Unwelcome dissent

In the comments on my blog you will always have a fairly wide berth for discussion. Disagree with me and anyone else who posts all you want. The only “rule” I have is that you not lower yourself to the level of attacking a person instead of the points of their argument. Doing so reduces a discussion into a near-endless flame war, bringing any possible discussion to a complete standstill, a pileup on the interstate of discourse and discussion. Discussion is welcome. Dissent is welcome. Flame wars and personal attacks are not.

Many other sites will afford you the same, however, some aren’t so willing. Some aren’t into discussion, only ego-stroking, apparently.

The right-wing blog “The Right Scoop” recently posted an article discussing a “brave” senior named Laci Mattice who openly engaged her senior class in the Lord’s prayer during what was supposed to only be a moment of silence during the graduation ceremony. The writer behind the blog ascribed her actions to the Free Exercise Clause of the First Amendment:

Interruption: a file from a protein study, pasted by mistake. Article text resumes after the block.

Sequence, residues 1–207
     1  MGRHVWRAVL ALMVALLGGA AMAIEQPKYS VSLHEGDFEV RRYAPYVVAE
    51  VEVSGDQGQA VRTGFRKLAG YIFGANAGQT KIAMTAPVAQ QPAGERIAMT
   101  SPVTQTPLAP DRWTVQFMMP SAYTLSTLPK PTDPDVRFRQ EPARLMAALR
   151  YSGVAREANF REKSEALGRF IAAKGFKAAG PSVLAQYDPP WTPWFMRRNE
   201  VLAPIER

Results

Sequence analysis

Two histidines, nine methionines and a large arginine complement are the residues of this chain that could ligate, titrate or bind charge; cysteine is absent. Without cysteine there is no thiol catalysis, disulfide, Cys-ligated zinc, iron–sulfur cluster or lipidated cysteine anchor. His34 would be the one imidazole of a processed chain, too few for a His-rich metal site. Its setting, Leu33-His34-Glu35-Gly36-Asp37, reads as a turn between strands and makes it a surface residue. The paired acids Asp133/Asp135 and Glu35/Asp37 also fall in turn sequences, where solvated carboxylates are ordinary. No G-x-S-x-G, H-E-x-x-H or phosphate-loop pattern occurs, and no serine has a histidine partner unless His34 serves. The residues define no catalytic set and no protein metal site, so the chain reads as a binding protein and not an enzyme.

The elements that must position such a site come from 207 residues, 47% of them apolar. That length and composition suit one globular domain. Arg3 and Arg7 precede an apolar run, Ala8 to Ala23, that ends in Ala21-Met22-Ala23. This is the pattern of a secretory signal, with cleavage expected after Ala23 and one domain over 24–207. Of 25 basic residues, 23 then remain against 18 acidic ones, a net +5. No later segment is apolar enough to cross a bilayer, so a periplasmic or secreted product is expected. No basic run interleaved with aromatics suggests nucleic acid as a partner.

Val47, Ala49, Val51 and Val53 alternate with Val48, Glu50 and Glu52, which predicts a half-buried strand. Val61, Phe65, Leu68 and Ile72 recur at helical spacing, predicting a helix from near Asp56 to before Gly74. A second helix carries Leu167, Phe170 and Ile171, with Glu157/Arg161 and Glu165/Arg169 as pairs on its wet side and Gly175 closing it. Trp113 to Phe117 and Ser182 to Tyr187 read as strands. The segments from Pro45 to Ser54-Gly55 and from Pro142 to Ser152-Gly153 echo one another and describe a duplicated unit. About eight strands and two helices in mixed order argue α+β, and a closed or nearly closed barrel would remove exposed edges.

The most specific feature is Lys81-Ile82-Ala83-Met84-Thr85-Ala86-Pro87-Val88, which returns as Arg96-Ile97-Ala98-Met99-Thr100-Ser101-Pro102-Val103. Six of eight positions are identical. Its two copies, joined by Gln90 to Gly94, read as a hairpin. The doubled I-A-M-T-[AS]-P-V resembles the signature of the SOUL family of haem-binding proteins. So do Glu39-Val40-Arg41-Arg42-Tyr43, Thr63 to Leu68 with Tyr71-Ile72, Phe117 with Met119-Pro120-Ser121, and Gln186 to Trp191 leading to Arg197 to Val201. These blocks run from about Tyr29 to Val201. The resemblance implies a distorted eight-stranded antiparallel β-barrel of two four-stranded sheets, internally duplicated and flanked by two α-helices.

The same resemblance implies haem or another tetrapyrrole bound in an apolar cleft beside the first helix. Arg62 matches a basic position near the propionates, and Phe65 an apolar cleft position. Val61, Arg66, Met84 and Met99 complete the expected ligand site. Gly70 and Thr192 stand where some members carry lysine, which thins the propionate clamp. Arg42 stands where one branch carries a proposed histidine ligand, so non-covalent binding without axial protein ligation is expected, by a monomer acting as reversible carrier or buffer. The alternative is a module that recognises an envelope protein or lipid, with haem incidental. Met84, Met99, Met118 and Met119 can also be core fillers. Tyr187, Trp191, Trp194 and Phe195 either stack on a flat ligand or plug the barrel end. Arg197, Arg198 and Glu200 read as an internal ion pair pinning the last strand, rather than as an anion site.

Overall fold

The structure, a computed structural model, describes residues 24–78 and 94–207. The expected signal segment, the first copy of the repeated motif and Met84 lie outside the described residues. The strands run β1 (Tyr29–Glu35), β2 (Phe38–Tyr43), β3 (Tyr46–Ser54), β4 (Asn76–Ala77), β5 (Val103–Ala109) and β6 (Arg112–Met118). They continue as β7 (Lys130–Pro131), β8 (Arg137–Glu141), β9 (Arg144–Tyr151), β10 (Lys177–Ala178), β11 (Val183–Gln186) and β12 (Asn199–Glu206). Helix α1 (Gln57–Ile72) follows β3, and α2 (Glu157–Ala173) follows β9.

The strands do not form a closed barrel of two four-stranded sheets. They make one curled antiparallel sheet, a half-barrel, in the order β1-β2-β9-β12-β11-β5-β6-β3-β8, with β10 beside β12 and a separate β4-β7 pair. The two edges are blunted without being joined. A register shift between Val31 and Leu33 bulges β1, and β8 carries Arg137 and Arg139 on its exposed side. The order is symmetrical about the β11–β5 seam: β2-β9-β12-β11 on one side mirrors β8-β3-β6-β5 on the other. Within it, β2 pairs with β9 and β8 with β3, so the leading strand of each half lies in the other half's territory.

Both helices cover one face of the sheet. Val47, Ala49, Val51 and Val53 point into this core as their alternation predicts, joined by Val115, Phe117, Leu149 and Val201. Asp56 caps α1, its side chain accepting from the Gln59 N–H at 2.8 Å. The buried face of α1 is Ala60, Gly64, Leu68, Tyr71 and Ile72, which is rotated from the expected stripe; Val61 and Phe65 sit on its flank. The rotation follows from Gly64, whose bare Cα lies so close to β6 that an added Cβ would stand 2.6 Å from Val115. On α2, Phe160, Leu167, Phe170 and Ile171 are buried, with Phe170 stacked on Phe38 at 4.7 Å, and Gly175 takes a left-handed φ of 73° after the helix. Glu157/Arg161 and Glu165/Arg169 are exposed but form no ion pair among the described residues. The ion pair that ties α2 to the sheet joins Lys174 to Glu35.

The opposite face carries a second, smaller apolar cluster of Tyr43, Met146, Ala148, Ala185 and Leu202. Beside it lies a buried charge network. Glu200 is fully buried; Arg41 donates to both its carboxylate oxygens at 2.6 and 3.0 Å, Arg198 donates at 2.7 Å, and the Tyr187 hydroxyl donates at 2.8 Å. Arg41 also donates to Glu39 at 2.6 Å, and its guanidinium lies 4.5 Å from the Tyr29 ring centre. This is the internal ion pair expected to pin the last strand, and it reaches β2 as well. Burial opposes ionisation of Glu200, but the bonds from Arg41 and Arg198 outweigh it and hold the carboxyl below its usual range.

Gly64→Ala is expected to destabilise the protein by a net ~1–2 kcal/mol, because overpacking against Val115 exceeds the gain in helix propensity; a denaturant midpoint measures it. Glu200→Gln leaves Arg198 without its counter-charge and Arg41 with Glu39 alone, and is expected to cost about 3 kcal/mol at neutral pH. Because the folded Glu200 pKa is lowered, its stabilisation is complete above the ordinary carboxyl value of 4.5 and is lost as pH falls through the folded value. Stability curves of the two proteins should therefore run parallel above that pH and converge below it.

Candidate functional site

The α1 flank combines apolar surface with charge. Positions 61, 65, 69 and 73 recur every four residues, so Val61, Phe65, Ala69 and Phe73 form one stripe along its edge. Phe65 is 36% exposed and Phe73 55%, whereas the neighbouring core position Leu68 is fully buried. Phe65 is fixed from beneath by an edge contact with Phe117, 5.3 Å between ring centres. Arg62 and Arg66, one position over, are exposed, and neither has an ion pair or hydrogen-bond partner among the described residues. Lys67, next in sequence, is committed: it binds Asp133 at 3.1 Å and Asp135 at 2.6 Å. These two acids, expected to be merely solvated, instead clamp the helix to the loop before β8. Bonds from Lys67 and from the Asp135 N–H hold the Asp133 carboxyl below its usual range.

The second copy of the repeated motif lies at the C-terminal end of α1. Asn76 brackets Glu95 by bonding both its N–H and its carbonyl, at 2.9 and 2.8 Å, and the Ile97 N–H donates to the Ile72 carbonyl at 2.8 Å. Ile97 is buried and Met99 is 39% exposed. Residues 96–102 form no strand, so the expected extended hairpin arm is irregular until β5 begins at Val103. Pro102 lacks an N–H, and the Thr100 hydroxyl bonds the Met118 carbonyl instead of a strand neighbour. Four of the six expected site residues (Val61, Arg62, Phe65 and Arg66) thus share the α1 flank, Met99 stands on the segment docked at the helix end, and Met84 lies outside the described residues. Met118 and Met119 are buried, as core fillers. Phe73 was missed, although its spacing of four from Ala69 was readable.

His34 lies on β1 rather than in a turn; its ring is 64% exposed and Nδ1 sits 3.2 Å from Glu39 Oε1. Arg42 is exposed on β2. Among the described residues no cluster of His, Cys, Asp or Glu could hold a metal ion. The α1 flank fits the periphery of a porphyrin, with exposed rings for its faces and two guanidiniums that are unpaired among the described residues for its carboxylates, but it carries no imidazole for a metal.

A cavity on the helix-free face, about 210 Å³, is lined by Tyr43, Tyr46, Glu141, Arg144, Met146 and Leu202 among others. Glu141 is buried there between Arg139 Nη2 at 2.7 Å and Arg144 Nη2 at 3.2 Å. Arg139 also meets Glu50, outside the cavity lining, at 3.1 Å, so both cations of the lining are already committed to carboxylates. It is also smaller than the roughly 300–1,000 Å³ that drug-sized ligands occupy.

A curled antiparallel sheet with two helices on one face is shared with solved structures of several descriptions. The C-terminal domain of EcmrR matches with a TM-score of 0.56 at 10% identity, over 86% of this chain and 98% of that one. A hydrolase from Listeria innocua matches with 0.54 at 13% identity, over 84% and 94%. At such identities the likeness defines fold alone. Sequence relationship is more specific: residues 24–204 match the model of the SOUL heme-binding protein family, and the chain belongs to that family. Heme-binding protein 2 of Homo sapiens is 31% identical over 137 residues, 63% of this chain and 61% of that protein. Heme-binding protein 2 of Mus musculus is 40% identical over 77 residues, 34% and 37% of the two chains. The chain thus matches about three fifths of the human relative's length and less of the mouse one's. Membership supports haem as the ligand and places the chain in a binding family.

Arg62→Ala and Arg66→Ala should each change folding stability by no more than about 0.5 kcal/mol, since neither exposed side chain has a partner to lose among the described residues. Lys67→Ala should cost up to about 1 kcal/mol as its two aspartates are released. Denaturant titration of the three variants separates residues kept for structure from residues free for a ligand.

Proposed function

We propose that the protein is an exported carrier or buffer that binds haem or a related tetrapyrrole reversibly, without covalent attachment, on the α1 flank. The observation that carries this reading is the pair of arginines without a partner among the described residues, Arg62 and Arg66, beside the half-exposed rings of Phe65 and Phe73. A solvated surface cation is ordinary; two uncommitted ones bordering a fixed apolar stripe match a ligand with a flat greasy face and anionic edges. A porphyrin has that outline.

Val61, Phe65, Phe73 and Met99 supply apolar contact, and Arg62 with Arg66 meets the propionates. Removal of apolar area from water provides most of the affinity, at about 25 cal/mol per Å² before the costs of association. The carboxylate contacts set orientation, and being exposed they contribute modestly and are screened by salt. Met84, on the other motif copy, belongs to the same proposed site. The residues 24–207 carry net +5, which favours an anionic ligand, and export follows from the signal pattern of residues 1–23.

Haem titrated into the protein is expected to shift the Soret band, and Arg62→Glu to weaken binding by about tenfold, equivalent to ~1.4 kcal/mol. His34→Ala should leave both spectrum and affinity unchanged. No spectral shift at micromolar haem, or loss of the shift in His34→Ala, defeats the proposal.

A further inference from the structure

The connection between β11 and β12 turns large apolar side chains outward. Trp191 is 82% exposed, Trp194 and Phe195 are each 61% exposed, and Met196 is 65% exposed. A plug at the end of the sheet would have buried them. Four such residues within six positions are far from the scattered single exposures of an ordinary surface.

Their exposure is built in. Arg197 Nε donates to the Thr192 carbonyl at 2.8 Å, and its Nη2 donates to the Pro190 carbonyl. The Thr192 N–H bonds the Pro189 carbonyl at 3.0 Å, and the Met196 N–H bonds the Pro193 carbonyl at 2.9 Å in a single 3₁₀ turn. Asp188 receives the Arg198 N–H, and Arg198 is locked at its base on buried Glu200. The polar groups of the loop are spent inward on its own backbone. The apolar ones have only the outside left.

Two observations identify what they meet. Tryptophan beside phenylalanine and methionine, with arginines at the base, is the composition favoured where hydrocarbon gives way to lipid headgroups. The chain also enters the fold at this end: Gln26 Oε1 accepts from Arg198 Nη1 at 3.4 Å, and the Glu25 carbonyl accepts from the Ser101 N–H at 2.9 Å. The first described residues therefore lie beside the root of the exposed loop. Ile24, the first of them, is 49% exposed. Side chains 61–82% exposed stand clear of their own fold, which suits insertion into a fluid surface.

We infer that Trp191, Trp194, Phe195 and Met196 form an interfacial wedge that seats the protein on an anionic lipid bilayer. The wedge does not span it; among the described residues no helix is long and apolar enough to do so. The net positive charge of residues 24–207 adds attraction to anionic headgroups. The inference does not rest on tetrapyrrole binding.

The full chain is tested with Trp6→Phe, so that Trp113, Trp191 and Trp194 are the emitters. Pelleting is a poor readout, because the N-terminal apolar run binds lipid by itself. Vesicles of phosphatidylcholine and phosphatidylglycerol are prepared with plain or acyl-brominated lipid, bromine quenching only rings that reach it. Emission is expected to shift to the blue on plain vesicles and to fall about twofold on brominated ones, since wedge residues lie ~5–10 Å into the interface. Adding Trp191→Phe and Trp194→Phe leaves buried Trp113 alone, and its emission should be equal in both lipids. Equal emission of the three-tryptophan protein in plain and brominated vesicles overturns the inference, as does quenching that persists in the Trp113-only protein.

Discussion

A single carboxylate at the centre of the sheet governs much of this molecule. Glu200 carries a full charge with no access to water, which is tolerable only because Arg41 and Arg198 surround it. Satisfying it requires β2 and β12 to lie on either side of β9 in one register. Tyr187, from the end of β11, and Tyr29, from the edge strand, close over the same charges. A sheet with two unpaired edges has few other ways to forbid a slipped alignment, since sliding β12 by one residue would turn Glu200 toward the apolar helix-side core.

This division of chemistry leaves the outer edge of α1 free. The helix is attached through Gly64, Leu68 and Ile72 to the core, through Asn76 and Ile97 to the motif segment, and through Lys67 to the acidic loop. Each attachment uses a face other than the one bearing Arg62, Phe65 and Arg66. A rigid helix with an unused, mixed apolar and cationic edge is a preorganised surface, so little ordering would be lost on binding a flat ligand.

A prayer said by a senior, listed on a graduation event program is nothing short of the free exercise of religion and has nothing to do with the creation of any law. End of story.

I disagreed. The Establishment Clause controls, and I posted this to define and support that opinion, based on a long line of jurisprudence extending back approaching 70 years:

Actually the Free Exercise Clause does not apply to this case. Allow me to explain why.

First and foremost, any institution established by the government becomes subject to the same limitations upon their powers and abilities as on the government that created it, for if the government is able to establish an institution with greater power than itself, we have tyranny.

The First Amendment restriction upon Congress implied that all actions of the government begin with Congress. This is why Article I is the longest article in the entirety of the Constitution. Restrict Congress and you restrict the entire Federal government, because the Executive Branch cannot do anything not authorized by Congress, or at least that was how it used to work. Unless Congress says “yes”, the Executive Branch cannot act, and Congress is enjoined by the Constitution in what they can say “yes” to.